NSF Grant Sparks Third Iteration of UVA-Developed Water Treatment Tablets

January 31, 2022 By Lucie Rutherford, ler3rz@virginia.edu Lucie Rutherford, ler3rz@virginia.edu

It has been almost a decade since a University of Virginia professor of civil and environmental engineering, James Smith, set out with students to develop a transformational water-disinfecting technology for low-resource communities around the world.

Initially developed in conjunction with a nonprofit organization called PureMadi – inspired by the Tshivenda South African word for water, “Madi” – Smith’s lab conducted extensive tests on a silver-embedded ceramic tablet capable of ridding drinking water of bacteria and viruses. In 2015, a UVA-inspired public benefit company, MadiDrop PBC, opened administrative and production spaces in Charlottesville. Two years later, more than 20,000 MadiDrop tablets had been distributed to humanitarian organizations around the world, primarily in Africa and Latin America.

In 2018, MadiDrop PBC was replaced with the for-profit Silivhere Technologies Inc. and developed MadiDrop+, an iteration of the tablet which quadrupled performance outcomes. One pocket-sized tablet – sitting at a unit price of $15 and costing less than 0.2 cents per liter – could treat up to 20 liters of water per day for 365 days, providing close to 7,000 liters of safe drinking water per family, per year.

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Women in the lab working
When placed in a 10- to 20-liter water storage container, the porous ceramic tablets will release a combination of silver, copper and chlorine to disinfect waterborne pathogens.

Now, with more than 50,000 tablet sales in more than 40 countries, MadiDrop+ has reached almost 250,000 people. With a recent grant of $254,000 from the National Science Foundation’s Small Business Technology Transfer program, and aided in part by UVA’s 3 Cavaliers Program, Silivhere Technologies is ready to dive into a third generation of research and development. In partnership with UVA’s Chemical and Environmental Engineering programs, the next generation of tablets aim to release a combination of silver, copper and chlorine, simultaneously disinfecting water and combatting viral and protozoan pathogens such as V. cholera, Shigella, rotavirus, and E. coli.

With the 2023 launch goal on the horizon, and with hopes of selling hundreds of thousands of MadiDrops per year, UVA Today checked in with Smith via email to learn more about the next phase of MadiDrop+.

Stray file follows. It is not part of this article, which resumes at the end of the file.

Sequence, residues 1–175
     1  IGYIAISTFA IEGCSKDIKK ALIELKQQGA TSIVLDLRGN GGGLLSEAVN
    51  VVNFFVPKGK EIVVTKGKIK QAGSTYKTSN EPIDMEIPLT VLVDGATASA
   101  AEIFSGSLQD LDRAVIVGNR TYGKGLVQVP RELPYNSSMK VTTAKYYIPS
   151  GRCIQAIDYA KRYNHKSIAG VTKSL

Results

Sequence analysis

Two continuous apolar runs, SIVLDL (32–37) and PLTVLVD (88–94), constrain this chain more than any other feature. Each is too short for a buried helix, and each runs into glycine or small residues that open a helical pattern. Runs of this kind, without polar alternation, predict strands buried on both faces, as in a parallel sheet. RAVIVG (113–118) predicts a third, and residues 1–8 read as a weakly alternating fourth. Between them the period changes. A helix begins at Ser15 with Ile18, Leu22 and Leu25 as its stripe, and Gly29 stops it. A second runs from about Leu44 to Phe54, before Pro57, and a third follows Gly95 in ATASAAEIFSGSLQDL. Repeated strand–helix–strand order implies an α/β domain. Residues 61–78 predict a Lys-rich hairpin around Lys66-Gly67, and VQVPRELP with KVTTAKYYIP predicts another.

Q. What do MadiDrop+ tablets do, and how do they work?

A. The MadiDrop+ is a water purification technology designed primarily for low-resource settings. It is a point-of-use (e.g. household) water treatment technology. It is a porous ceramic tablet that is embedded with microscopic “patches” of metallic silver.

To use the MadiDrop+, the user places it in a 10- to 20-liter water storage container, fills the container with water before they go to bed, and the next morning, the water will be safe to drink. The MadiDrop+ releases trace amounts of ionic silver, which is a highly effective disinfectant for a broad spectrum of waterborne pathogens, including V. cholera, shigella and E. coli. The MadiDrop+ is designed to release enough silver to effectively disinfect the water, but while still being below the U.S. and World Health Organization drinking water standard.

Perhaps most importantly, one MadiDrop+ works the same way for 365 days, treating more than 7,000 liters of water. The cost per liter of water treated is less than 0.2 cents, making it more than seven times cheaper than Aquatabs, a leading competitor. Because the trace amount of silver released from the MadiDrop+ does not affect the taste of the water, it is more socially acceptable than competitor chlorine-based technologies on the market. The MadiDrop+ also has a perpetual shelf life, is durable and is easy to transport around the world.

MadiDrop Table
Costing less than 0.2 cents per liter, more than 50,000 MadiDrop tablets have been sold in over 40 countries.

The technology has been rigorously tested in laboratory and field investigations, with the results of these studies published in multiple, peer-reviewed archival journal publications. The MadiDrop+ has also been certified for drinking water treatment by NSF International.

Q. What prompted you and your team to develop this technology? Any personal stories you can share?

A. Yes! I had been conducting research on silver-ceramic water filters. In fact, Rebecca Dillingham from the School of Medicine and I collaborated on research on this topic and eventually created a nonprofit organization called PureMadi that teaches South Africans in rural villages how to make these filters and sell them. Although this effort has been quite successful, I observed that the filters were somewhat difficult to manufacture. They were also large, heavy and fragile, making them difficult and expensive to transport. This led me to the idea of having a piece of ceramic material with silver that just sits in the water and passively releases silver.